Laser-Induced Deep Etching (LIDE)
High-aspect ratio microfeatures in glass
What is LIDE?
LIDE stands for laser induced deep etching
LIDE technology is a two-step process. It is characterized by the ability to create deep structures in thin glass with a high aspect ratio in the range of >1:10 at a highly-economical processing speed not seen before. Structures as small as <5 μm can be created.
In the first step, the glass is locally modified by laser pulses according to the desired layout. In LIDE, a single laser pulse is sufficient to modify glass substrates through their entire thickness, making it compatible with high-volume production.
In the second process step, the modified areas of the glass are removed by wet chemical etching much more rapidly than the unmodified material is.
Outstanding characteristics of LIDE technology
LIDE technology is free of micro-cracks, chipping, induced stresses and the like. LIDE processing of glasses does not diminish the good mechanical properties of glass as it can be found in state-of-the art glass-processing technologies.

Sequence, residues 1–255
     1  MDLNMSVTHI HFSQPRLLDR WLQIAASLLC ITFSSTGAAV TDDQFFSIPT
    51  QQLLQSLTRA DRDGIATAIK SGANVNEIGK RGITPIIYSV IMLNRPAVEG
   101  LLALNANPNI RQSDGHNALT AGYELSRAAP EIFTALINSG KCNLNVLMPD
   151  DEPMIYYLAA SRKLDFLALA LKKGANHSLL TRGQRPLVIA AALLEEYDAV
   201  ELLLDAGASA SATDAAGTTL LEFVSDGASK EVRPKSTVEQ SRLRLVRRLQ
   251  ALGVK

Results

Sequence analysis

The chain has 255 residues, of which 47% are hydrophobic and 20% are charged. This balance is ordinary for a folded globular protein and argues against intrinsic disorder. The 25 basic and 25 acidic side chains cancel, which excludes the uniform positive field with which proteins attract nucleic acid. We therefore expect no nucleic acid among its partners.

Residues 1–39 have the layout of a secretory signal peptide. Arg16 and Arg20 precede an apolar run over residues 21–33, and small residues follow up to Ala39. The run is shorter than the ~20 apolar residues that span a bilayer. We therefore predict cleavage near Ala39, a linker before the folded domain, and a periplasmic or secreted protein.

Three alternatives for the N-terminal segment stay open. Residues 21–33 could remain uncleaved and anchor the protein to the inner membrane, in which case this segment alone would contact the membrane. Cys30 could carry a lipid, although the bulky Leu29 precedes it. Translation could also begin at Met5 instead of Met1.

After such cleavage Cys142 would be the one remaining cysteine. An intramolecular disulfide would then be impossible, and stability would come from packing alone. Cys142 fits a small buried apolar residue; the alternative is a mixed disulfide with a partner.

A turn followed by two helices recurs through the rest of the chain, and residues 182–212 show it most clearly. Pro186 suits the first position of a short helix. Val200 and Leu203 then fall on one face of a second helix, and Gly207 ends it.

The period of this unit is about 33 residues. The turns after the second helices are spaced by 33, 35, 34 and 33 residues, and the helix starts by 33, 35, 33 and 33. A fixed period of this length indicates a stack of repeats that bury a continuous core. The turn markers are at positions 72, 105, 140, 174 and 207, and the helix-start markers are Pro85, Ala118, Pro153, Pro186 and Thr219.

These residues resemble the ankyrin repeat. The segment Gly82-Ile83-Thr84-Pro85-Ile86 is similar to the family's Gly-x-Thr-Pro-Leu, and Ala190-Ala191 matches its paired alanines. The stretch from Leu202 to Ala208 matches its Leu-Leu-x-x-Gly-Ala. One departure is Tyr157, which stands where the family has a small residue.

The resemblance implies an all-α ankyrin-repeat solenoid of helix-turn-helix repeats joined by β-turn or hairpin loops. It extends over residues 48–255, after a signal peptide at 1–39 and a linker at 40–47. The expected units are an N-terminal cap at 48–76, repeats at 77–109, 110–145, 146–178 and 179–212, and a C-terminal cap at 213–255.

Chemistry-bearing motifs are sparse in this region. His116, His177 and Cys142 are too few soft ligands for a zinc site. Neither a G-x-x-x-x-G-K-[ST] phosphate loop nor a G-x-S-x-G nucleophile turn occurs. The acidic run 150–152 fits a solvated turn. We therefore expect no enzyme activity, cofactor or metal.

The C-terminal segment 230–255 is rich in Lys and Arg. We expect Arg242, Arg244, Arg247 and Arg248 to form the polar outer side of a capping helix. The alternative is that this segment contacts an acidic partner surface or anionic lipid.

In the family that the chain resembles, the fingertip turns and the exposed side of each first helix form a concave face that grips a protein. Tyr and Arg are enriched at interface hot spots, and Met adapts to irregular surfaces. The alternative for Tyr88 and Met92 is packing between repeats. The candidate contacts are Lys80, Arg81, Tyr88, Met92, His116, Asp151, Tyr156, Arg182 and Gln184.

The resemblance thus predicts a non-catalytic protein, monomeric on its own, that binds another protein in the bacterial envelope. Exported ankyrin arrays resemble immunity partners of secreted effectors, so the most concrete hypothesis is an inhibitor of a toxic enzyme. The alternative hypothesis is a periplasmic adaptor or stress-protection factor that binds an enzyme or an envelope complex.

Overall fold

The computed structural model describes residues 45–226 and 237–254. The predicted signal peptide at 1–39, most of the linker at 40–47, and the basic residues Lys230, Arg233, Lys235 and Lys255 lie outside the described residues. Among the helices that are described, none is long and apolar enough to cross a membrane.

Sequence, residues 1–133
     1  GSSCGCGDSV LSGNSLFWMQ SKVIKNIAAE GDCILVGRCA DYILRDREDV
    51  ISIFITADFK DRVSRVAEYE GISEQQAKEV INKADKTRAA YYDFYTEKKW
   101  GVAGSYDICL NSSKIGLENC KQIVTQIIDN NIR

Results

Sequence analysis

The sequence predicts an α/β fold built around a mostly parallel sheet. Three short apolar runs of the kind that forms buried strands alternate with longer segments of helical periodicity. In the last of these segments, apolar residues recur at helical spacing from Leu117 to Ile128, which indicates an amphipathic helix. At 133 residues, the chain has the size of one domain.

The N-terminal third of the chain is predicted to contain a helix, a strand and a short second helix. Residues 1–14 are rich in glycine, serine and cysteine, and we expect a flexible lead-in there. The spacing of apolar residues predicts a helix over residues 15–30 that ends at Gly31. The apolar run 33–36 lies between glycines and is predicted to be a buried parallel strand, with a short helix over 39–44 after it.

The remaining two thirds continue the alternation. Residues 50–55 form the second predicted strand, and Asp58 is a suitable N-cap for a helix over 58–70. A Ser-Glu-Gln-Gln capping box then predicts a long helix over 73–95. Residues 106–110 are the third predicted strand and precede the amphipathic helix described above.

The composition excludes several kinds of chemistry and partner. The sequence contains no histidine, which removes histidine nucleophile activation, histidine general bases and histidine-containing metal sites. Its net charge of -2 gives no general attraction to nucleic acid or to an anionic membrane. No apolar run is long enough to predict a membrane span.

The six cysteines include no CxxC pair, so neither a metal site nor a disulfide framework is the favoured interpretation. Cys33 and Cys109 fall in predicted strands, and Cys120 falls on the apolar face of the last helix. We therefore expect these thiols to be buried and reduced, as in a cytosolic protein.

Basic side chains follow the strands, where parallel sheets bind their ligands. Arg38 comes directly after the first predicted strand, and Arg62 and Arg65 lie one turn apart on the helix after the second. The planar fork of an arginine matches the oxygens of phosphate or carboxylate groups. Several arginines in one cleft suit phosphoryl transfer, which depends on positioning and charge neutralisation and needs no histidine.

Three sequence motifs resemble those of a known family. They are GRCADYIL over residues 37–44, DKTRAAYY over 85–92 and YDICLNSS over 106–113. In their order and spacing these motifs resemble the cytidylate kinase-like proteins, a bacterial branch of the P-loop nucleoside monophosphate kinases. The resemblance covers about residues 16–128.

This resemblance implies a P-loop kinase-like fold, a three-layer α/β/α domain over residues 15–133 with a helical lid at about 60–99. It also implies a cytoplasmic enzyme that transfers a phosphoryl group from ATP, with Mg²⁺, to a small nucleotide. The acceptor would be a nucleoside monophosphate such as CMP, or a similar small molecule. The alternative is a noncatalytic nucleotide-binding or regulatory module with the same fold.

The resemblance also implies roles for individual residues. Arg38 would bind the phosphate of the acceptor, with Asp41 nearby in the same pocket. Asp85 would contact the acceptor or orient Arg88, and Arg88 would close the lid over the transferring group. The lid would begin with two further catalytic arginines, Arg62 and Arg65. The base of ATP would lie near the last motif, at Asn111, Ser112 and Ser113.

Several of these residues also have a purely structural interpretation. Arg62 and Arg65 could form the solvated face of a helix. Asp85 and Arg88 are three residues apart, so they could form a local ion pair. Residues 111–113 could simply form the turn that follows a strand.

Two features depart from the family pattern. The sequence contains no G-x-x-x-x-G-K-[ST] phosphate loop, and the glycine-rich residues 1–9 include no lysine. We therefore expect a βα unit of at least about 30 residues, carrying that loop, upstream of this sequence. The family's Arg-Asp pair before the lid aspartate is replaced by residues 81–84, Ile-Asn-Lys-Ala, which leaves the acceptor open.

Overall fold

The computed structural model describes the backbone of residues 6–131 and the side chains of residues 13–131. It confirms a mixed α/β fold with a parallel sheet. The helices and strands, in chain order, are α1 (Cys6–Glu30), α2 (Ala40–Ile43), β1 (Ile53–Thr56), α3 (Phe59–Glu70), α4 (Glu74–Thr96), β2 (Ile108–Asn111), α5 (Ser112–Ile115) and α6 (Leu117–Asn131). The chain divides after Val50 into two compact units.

LIDE does not rely on special glasses. The technology is compatible with all commercially-available silicate-based glass types from different vendors.
A low-cost material with a unique set of properties.
Glass is of great interest as a material for a variety of applications in micro systems technology due to its unique set of properties. Thin glass is available in various formats such as wafer- and panel-size formats.
General properties driving glass applications:
- High transparency
- Low fluorescence
- Chemical and mechanical
- High chemical resistance and chemically inert
- Good mechanical stability
- Low thermal expansion
- Tunable coefficient of thermal expansion
- Perfect isolator
- Low insertion loss
- Smooth surface enabling fine-line lithography